The amount of time I invested into Upwork during those first 6 months was absolutely insane in light of the unremarkable net profit I pulled in, although I fully expected (and was willing) to make sacrifices to get my profile juiced up nicely. But even when charging $33/hour – far above the average on Upwork – and picking up several long-term clients along the way, the numbers truly didn’t add up when considering the overall time, expense, stress, scheduling, and annoyance that Upwork caused me.
“Despite the fact that freelancers need to go through hell and high water to gain the highest verification level on UpWork, the persistent unskilled newbies from the Third World countries came flooding in on this site. Hopefully it will sort out the problem with the unskilled workforce overpopulation and UpWork will remain a harbor of safe labor and respect for skill, not cheapness. … The demographics of UpWork’s population are rather tilted towards the different sides of the planet – the most classic scheme one would find on UpWork is some USA or UK employer hiring a European or Eastern European freelancer.” — Idan Cohen
Still, by developing various tricks I was able to increase my profits and leverage various income streams into my business. At the 6 month point, the only justification I had to continue was that I had several long-term clients who were counting on me and who trusted me to pretty much bill when and what I thought was best (but even still, I could have easily brought all those clients away from the Upwork system – their idea, not mine!). With the launch of LittleBizzy, I had further incentive to develop new relationships across the web with successful business owners, so I bit the bullet and buckled down.
My Second Six Months With Upwork
At this point, I was (and still am) the #1 ranked WordPress expert on Upwork out of more than 10 million freelancers around the world (probably not accurate, but hey, I will take it, and thank you very much…); I am also #2 ranked for “Upwork Readiness” in the world and also rank among the top in skill tests such as English Spelling, English Grammar, and Search Engine Optimization. This, along with the fact that I now had over 50+ positive reviews on my profile and was also marked “Top Rated” in the Upwork system, helped me begin generating automatic inquires from new clients which definitely helped me save time looking up new job postings and sending in proposals; after all, clients who WANT you are the easiest to convert into paying accounts!
I did, however, eventually run into some problems after several months. Firstly, despite my rather quick mastery of the Upwork system (which I can hopefully throw together into a CollegeTimes eBook soon), I did actually end up refunding 2 clients on small projects who suddenly had huge temper tantrums. Rather than getting a negative review(s) left on my Upwork profile, I decided to maintain my 5.00 star ranking and otherwise perfect record by simply refunding these two clients, no questions asked.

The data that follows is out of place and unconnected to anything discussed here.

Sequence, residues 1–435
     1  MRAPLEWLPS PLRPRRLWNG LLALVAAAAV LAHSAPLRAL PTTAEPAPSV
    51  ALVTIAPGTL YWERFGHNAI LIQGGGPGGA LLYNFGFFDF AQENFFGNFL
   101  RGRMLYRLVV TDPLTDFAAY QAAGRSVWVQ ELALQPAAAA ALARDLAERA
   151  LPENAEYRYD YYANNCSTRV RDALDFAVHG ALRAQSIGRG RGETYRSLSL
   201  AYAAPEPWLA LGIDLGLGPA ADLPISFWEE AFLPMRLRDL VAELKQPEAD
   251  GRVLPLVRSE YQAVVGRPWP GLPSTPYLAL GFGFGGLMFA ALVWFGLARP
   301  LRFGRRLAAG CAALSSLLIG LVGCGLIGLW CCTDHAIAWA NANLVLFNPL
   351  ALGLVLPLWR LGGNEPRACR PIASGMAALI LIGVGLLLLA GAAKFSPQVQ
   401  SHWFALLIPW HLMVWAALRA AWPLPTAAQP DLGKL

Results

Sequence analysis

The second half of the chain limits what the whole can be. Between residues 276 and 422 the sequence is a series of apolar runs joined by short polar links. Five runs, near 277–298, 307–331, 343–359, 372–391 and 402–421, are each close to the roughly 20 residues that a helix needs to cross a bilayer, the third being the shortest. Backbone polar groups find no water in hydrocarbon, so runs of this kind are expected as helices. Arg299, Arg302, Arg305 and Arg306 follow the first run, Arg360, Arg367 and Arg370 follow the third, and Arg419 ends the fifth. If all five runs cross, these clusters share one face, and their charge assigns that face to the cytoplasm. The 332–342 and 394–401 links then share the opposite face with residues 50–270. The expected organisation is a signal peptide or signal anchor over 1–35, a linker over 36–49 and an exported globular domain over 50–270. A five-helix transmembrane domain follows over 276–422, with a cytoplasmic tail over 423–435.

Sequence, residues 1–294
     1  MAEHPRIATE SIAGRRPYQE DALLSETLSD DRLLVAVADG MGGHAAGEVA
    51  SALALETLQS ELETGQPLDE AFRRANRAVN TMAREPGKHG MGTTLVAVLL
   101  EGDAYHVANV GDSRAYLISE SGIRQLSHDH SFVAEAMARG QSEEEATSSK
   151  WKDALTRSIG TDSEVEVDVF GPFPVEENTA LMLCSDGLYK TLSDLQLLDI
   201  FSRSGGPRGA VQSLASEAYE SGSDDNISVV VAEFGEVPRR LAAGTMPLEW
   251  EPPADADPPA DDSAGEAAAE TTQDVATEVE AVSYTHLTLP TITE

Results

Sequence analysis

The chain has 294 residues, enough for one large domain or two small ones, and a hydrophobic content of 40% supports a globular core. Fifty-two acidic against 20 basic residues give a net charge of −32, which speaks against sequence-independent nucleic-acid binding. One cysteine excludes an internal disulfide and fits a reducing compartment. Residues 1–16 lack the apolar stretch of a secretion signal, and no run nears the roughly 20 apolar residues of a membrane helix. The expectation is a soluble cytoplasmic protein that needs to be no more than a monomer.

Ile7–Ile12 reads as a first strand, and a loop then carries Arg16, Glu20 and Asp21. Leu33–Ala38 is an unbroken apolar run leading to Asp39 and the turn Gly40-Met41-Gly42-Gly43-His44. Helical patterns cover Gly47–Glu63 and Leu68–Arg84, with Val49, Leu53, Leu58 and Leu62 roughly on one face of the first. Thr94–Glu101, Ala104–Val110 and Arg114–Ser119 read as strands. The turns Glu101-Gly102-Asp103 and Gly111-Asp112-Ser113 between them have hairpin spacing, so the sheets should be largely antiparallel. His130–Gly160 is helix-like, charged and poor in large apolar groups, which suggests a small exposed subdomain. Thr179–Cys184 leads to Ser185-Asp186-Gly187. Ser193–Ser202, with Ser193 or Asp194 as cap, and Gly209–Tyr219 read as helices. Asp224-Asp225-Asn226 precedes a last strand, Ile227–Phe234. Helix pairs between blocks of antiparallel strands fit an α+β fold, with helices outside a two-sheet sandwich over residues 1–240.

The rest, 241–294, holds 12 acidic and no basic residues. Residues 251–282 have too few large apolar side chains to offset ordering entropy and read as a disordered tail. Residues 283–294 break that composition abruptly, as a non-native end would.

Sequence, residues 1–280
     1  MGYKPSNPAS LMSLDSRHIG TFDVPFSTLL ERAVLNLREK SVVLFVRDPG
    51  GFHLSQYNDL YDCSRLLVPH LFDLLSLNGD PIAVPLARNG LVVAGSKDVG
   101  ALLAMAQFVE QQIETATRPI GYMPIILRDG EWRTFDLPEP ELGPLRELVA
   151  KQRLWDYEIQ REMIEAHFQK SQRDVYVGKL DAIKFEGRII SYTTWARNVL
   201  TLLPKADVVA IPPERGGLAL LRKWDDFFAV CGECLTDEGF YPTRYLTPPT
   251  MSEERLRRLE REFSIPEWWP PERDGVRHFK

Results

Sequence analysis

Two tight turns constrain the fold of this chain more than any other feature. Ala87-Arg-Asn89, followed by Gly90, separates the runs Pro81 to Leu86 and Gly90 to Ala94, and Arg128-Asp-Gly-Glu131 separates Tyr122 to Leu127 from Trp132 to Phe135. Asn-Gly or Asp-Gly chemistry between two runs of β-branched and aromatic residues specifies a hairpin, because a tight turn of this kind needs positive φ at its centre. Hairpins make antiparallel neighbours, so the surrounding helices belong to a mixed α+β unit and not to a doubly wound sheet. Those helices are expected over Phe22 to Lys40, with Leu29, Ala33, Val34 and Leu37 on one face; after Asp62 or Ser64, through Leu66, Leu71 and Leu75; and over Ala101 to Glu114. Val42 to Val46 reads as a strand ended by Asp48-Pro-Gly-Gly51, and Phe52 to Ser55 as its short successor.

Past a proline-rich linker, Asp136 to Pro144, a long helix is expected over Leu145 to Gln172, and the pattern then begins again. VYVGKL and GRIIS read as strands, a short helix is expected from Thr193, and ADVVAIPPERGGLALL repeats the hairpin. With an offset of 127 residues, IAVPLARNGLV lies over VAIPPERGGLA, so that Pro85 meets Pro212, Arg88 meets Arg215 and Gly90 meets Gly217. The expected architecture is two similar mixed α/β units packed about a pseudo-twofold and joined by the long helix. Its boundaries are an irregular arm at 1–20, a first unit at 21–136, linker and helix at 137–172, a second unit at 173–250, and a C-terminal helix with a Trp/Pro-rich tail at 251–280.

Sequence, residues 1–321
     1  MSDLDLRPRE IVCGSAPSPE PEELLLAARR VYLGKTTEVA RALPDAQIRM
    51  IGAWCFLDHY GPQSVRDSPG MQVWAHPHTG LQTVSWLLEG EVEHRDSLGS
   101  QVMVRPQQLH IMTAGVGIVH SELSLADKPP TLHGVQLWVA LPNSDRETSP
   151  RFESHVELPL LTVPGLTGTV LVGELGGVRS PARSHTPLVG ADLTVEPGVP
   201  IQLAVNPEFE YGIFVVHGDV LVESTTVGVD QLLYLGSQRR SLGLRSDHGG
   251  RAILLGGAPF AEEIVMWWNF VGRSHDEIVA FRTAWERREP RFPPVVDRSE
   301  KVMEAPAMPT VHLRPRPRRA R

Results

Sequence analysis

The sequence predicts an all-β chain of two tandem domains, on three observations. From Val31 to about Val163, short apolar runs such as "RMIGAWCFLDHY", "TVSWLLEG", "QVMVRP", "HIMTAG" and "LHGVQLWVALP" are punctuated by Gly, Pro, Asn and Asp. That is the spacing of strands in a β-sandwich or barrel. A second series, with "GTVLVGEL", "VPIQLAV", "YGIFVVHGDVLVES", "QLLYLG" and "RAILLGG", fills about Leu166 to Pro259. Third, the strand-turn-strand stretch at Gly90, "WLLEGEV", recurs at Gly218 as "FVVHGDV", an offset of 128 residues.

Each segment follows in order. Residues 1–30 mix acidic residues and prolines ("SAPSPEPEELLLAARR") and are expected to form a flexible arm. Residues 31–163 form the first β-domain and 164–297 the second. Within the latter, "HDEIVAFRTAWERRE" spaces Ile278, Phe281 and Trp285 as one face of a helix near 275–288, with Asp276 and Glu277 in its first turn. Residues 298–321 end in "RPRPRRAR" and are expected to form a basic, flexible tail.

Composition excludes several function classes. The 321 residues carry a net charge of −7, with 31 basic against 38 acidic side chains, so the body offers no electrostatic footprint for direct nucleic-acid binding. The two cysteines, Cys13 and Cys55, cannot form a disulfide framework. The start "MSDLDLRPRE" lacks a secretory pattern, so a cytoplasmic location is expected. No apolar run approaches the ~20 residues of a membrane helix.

Secondly, I began to notice that I was slowing down drastically as far as connecting with new clients. This was probably due largely in part to being busy with the long-term clients I had already acquired earlier, however, since one of my goals was to keep meeting new people (as part of my multi-prong business strategy), it did hurt my ability to achieve those goals simultaneously. Billable hours are wonderful, but at a certain point the “freelancing” (and constant emailing, helping, etc, at all hours) was hurting my ability to scale my hosting business, let alone remain organized with the various revenue streams and even non-business parts of my life that I wished to focus on. But as this was somewhat related to freelancing in general, I can’t fully blame Upwork for such issues.
However, last week (and the main inspiration for publishing this blog post) I ran into my biggest Upwork drama yet: a whack-job (“feminist”) client from Canada with a huge ego and absolutely no understanding of web technology decided to “report” me to Upwork for “purposefully deleting her website” after calling me a “sick” and “evil” “terrorist” from America; she was surprised because “weren’t all terrorists supposed to be from the Middle East!?” This nightmare was the result of me breaking one of my own rules: immediately cut off any client who replies to emails with short-phrase answers or who generally seems clueless about what they need. Long story short, this charade turned into a 100+ email exchange between me, the client, and her Indian developer (“the best WordPress developer she’d seen in 17 years”) who had hacked her WordPress template so badly it resulted in over 800+ queries executing on every page load, which continually crashed her MySQL database. Despite me offering her several hours of free explanations/advice, and even giving her a temporary “free” hosting plan upgrade so that she could see that more RAM would be necessary to handle her hacked template, she went ahead and filed an “hourly dispute” against me on Upwork.
The dispute, which seeks a refund for the randomly chosen amount of “4 hours of work” was filed on 22 August, 2015 (9 days ago from time of writing). Since that time, I have had all of my earned funds “frozen” on Upwork (bank transfers have been totally disabled on my account), I was unable to apply to new jobs or bill my current clients for existing contracts (10+ month old contracts) until just a few days ago, and have not received a reply from the Upwork team in over 4 days in regard to the resolution of this dispute, despite their TOS promising 48-hour resolutions to all hourly disputes (and despite me wasting several hours of time preparing all the evidence their Mediation team had requested to prove this client was, in fact, lying). When I contacted Upwork “support” yesterday for an update, I found myself chatting with a teenage freelancer from the Philippines literally working out of his bedroom, answering my legal questions!